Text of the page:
Population Screening of CHEK2 Mutations in Poland
© The Author(s) 2006
Received: 10 December 2005
Accepted: 10 January 2006
Published: 15 January 2006
Mutations in the CHEK2 gene confer an approximately two-fold increase in the risk of cancer in many organs including the breast, colon, kidney, prostate and thyroid. In addition, we have recently identified a positive association of similar magnitude between a CHEK2 mutation and bladder cancer, endometrial cancer and low-grade ovarian cancer (unpublished data). Surveillance is available for most CHEK2-associated cancers. CHEK2 is not a high-risk gene, but it is associated with multi-cancer susceptibility, and founder alleles in CHEK2 are common in Poland (5.5% of the general population); therefore CHEK2 is responsible for development of more cases of cancer in Poland than founder mutations known to date in high-risk genes (including those in BRCA1, MSH2 and MLH1).
In 2005 in cooperation with the Center of Medical Diagnosis and Hematology (BIOS) and the journal Wprost we performed population screening of CHEK2 mutations in Warsaw. This study was started by publication of an article describing the association of the CHEK2 gene and multi-site cancer predisposition. Readers of Wprost journal were invited for genetic consultation and CHEK2 gene testing. Patients who responded to the invitation were interviewed in the BIOS centre. During the interview the goals of the study were explained, informed consent was obtained, a first session of genetic counselling was given and a blood sample was obtained for DNA analysis. A detailed family history of cancer was taken from all patients (first and second-degree relatives included).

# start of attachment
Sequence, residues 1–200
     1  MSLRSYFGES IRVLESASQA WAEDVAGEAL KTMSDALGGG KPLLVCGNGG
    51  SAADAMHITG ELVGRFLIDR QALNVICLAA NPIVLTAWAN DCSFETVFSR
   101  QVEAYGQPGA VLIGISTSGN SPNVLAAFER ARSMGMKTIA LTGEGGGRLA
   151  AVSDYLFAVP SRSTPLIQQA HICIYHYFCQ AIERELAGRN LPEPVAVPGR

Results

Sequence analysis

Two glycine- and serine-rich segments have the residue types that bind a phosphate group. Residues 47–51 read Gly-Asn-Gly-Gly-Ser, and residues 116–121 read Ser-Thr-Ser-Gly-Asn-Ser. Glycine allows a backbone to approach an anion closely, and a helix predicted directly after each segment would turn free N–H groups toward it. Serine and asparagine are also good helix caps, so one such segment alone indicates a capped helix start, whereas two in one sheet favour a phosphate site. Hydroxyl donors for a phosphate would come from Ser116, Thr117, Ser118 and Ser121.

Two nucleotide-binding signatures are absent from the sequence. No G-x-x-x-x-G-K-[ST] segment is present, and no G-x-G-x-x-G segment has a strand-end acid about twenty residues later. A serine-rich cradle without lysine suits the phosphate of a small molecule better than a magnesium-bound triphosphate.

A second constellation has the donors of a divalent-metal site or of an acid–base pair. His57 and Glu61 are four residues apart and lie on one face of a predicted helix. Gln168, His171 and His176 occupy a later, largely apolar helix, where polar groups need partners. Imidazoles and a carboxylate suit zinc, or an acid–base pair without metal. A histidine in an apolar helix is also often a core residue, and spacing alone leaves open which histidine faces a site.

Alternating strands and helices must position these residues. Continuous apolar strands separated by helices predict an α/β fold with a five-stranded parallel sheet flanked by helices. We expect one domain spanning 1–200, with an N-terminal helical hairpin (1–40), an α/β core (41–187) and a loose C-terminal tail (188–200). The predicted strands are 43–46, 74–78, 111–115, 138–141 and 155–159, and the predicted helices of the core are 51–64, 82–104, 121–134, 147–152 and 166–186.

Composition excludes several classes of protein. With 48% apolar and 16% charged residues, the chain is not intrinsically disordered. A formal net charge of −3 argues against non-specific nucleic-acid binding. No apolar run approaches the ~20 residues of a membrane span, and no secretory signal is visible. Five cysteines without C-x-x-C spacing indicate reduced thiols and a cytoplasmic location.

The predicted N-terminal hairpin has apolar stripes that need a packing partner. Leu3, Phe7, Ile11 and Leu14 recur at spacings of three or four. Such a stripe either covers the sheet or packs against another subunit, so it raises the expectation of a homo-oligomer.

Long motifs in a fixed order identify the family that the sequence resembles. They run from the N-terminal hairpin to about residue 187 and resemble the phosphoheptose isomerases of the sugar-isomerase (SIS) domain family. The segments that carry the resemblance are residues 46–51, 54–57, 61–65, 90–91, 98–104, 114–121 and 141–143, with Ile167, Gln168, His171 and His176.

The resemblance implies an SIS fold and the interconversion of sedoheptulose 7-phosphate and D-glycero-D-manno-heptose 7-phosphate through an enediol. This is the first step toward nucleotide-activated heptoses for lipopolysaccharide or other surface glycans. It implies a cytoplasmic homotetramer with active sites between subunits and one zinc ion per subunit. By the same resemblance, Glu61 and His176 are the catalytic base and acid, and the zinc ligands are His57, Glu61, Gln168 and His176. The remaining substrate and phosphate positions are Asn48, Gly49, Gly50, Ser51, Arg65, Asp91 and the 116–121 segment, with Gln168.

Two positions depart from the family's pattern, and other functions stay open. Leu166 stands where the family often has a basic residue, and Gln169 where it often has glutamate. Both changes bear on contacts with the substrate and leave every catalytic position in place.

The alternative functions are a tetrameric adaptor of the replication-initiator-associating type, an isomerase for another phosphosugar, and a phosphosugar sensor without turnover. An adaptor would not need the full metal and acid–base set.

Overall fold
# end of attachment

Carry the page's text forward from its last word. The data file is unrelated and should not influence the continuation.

During a period of 6 months, 3,826 individuals participated in this study. We identified: 192 carriers of a CHEK2 mutation, 240 families with hereditary susceptibility to breast and/or ovarian cancer, 62 families with familial colorectal cancer (including HNPCC). In addition, BRAC1 testing was performed in all individuals with a positive family history of breast or ovarian cancer. Twenty-one BRCA1 mutation carriers were identified. CHEK2 and BRCA1 mutation status was investigated using two independent blood samples. Then, all patients were invited for a second session and final genetic counselling was given. Appropriate surveillance was recommended for patients with familial cancer aggregations, as well as for BRAC1 and CHEK2 mutation carriers. We believe that this action broadened the knowledge about the role of genetic counselling and DNA testing in cancer prevention in Poland. It has also shown that many people in our population need such counselling and surveillance. We believe that this action will help reduce cancer morbidity and mortality in Poland.